Places: A Rumination On Cities
From Abu Dhabi to the East Coast, a temporary resident negotiates the urban spaces that built him.
Drunken Boat, an international online journal of the arts, is pleased to present Issue #16, an omnibus of folios that includes a special collaboration with the Asian American Writers’ Workshop and Open City. This piece appeared in the folio on Asian American Urbanisms. Click here to read the issue in its entirety.
It’s late August 2001. Entering U.S. Airspace, landing in Newark, New Jersey. Mission: follow girlfriend; marry girlfriend. Ruse: Masquerade as student – father will pay for college then. Gruff officer at U.S. Customs inspects Indian passport, isn’t interested in the Emirati connection. Just in case, I have answers prepared: I am from Abu Dhabi; my parents are Indian; I have never lived in India; I am here to reap the benefits of American academia. The officer is the least bit interested. Student visa, he says, before letting me through with a polite “Welcome to the United States.” In two weeks, I will turn significant. Class mates will scrutinize the goatee; teachers will begin to ask pointed questions about my home, Abu Dhabi, which maps confirm is a stone’s throw away from al-Saud terrain. Restless, doped out of their minds, my Nigerian roommate and his American buddies will mine my brain to gain rudimentary access into the Arab psyche. We hold court at the Ramada Inn, where my roommate and I will reside until bungling Residence Life gets its act together. Ego is addictive, certainly for sophomores; I pretend to have answers. At the Ramada, Arabia’s Yoda I become, hosting impromptu Arab 101, sharing my worldview with newfound friends. My thoughts roam rudderless, our sessions infused with the kind of randomness I associate with pub banter:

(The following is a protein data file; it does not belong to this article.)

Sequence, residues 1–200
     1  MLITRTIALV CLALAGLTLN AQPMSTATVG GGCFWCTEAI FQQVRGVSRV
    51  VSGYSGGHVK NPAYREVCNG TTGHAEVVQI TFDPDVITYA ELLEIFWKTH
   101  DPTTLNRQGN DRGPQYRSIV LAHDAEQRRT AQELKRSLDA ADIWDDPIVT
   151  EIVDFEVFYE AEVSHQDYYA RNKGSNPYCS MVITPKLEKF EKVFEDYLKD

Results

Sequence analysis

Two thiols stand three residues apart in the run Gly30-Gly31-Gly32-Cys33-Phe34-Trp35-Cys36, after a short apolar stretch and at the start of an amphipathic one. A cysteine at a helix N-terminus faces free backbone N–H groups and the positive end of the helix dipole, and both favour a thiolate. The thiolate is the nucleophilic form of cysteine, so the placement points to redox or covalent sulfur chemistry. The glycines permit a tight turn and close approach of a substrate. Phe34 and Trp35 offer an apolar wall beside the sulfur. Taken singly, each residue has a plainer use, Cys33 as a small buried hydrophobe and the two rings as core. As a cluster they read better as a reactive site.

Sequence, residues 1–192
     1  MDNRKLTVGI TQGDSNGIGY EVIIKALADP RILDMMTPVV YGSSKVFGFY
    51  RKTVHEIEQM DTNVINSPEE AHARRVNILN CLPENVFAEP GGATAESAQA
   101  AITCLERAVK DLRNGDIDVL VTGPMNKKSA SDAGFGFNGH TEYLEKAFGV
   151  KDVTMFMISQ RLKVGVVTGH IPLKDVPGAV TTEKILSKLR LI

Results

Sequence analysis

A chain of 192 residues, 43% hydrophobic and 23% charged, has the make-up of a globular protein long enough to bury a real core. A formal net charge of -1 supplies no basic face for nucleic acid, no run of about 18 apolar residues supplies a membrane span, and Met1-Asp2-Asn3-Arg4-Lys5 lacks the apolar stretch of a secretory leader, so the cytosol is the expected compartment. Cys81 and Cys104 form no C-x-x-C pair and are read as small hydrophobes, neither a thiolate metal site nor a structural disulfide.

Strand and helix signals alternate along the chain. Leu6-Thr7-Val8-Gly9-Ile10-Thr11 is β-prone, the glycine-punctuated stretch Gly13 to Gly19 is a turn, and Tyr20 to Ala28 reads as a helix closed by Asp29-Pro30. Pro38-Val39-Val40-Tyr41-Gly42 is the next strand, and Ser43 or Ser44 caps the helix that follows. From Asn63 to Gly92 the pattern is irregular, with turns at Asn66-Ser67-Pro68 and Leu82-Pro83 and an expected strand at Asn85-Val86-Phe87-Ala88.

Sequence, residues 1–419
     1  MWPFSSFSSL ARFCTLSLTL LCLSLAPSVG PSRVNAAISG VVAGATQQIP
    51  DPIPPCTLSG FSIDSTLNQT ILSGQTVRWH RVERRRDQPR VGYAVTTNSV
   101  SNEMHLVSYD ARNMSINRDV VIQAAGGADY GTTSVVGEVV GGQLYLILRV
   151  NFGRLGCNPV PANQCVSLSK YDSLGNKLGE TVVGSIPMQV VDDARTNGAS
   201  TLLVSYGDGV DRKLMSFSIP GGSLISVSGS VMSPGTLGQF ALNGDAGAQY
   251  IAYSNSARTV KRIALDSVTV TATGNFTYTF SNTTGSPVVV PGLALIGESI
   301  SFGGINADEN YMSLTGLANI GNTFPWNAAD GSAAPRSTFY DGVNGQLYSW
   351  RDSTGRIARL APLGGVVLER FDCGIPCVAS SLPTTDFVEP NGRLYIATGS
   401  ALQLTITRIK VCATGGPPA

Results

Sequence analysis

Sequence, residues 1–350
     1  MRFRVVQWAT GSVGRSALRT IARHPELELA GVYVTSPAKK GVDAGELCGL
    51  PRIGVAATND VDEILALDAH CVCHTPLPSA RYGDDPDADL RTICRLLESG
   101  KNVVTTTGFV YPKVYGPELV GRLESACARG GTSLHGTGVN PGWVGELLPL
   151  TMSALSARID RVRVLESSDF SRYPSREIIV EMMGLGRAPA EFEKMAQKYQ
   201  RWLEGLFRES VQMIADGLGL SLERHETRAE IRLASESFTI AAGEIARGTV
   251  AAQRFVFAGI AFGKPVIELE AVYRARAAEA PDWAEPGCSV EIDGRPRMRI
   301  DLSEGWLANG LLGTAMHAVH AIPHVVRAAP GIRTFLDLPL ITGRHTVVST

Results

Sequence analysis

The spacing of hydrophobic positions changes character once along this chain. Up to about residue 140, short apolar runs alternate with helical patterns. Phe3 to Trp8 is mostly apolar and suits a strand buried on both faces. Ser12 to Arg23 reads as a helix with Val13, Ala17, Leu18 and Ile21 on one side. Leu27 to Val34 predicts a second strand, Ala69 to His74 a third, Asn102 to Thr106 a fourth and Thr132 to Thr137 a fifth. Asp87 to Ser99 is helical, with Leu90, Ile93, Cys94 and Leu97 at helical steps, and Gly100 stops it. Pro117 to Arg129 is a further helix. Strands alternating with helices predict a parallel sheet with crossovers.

I predict more violence. I divulge what kind of cars Emiratis like to drive, their love for the Chevrolet Caprice. I tell them how hot Abu Dhabi gets in the summer. I speak of Operation Desert Storm, led by Stormin Norman. I speak of expensive Russian hookers and Dubai’s club scene. I mention CIA-ISI collusion. I conjugate longer sentences to feel smarter, even changing my TV-influenced accent from time to time, sounding more Brit than most Brits. I don’t tell them the muezzin’s call for prayer takes me back home in a heartbeat, and that cool-looking hijabs sometimes turn me on.
But I am careful. Once, by accident, I almost let it slip 9/11-induced second-hand rage makes me queasy, like too much Red Bull. I say nothing. By November, my girlfriend dumps me for the last time; that night it snows, and in a fit of fury, I decide snow is overrated. Over the next few days, I channel lovelorn Devdas, the fictional Bengali dipsomaniac, eat little and sprout a beard, but I can’t buy alcohol because I am not yet 21. So I go to this desi store on Cedar Lane run by a Malayalee man who is nice to me, and speaks to me in my parents’ tongue, reminding me of home. In rapid Malayalam, we conduct business. And back to my dorm I go, armed with spicy chicken curry, fresh parathas, and two videocassettes of a Malayalee icon, Mohanlal. Comfort food. I do however forget to buy beer. Two years on, as I walk by Cedar Lane, not far from Main Street, passing the very same store fronts, the desi store having changed owners, a recruiter in army fatigues calls out to me from a passing car: “Hey! Thought about joining the army?” Operation Iraqi Freedom is barely three months old. I remember being flattered, then thinking they needed a better-looking car.